The pregnant Ratih and her elderly great-grandmother are the moral backbone. Ratih refuses to let hate swerve her from her path even when she has someone to blame; her gentle great-grandmother is a shaman and knows instantly who Maya is. Ratih herself believes in other ways to resolve the curse the village thinks has been placed on their babies.
Ratih’s great grandmother is the reflected reverse of Nyi Misni and her black magic, while there’s symmetry between Maya and Ratih, who feels trapped by her birthright – she refuses to leave the village for the city, saying her life will not change if she does that.
Basro always has an air of troubled sadness as Maya clings to the hope of a past she doesn’t know. She and Marissa Anita make convincing best friends, rootless and always the two of them against the world.
Dini is a hoot, and could be all of us as we watch horror films. Devoted to Maya, her curiosity battles her sarcastic voice of reason which in turn cloaks her concern for her friend: “they look like they’re going to eat us alive, and someone dies here on a daily basis” she tells Maya once they’ve been in the village overnight.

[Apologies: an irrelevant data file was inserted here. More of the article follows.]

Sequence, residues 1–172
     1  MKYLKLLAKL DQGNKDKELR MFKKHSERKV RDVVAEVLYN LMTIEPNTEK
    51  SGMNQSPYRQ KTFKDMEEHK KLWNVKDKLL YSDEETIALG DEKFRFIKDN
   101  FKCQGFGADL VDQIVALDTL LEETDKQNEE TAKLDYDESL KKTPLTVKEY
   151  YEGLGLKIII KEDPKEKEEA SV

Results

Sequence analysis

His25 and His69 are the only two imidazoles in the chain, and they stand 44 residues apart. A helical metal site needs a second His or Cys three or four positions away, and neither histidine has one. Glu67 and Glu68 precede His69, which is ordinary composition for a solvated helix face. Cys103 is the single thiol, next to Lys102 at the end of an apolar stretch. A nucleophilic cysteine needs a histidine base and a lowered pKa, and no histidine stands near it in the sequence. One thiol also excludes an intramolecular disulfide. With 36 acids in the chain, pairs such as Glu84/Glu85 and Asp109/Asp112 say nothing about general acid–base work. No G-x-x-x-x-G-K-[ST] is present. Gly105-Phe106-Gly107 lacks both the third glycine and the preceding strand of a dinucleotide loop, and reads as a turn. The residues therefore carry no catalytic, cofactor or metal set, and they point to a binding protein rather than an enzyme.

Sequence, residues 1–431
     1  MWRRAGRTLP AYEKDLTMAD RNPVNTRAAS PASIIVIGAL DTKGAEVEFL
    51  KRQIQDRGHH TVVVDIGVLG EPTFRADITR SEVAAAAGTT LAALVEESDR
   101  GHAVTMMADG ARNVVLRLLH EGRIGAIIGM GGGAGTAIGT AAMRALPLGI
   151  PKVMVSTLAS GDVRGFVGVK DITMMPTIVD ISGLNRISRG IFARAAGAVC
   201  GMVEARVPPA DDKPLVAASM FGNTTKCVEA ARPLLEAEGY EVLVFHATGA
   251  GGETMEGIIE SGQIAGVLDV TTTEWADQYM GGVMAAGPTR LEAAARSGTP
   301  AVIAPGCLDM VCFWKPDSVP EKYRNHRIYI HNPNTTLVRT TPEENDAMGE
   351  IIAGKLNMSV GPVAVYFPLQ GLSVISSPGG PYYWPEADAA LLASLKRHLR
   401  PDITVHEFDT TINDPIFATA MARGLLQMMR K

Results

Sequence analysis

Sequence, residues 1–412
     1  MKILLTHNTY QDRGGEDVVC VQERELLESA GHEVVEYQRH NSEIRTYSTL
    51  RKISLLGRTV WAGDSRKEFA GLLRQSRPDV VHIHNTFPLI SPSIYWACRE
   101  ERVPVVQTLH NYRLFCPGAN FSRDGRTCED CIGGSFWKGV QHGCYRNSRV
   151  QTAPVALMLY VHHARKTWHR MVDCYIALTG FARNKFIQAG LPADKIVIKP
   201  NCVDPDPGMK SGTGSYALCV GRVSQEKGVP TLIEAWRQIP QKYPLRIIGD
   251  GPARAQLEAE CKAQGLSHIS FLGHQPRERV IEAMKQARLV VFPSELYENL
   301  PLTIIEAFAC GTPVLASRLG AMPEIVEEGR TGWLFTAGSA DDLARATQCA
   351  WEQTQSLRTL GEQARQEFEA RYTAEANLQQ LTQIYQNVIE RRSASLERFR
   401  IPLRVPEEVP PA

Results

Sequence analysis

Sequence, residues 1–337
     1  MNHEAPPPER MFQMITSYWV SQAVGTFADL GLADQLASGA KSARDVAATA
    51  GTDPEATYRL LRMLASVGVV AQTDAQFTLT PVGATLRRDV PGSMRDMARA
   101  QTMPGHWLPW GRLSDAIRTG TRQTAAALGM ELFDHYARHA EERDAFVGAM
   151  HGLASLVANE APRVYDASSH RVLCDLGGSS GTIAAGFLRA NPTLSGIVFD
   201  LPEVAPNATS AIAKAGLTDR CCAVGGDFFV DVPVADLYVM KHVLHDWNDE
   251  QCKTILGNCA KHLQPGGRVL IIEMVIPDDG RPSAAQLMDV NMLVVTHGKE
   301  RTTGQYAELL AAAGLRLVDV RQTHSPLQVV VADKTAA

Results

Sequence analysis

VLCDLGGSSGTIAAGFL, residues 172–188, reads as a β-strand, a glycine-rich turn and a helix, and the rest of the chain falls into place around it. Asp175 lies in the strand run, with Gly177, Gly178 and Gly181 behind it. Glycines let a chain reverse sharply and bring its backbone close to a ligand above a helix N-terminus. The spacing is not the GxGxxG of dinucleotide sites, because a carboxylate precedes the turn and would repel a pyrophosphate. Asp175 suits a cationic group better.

Much of the horrific backstory is told to us in flashbacks, which sometimes feel overused. Maya’s wealthy father Ki Donoswongo married her beautiful mother even though she was in love with someone else. For years they had no children until she unexpectedly became pregnant with Rahayu.
Whatever happened in the past has led to nearly the whole village wanting to kill Maya to save themselves, and to avenge the deaths of three little girls who went missing 20 years before, whose disappearance they blame on Maya’s father.
The villagers stalking through the forest at night, torches blazing, are not just after revenge but salvation, and a new start. In that way they differ from the vengeful mob in, say, Frankenstein, after the Monster has accidentally killed a small girl.
In films, unlike real life, good and evil are often easily separated. Impetigore is instead more akin to that old saying “the road to hell is paved with good intentions”.
Maybe Anwar is saying there really is no escape from history, for an individual or a society; you can only go forward by carrying the past, and all its mistakes, with you.
Impetigore is available on Shudder in the UK, US and Canada
Read my very, very spoilery article What’s the skinny on Impetigore?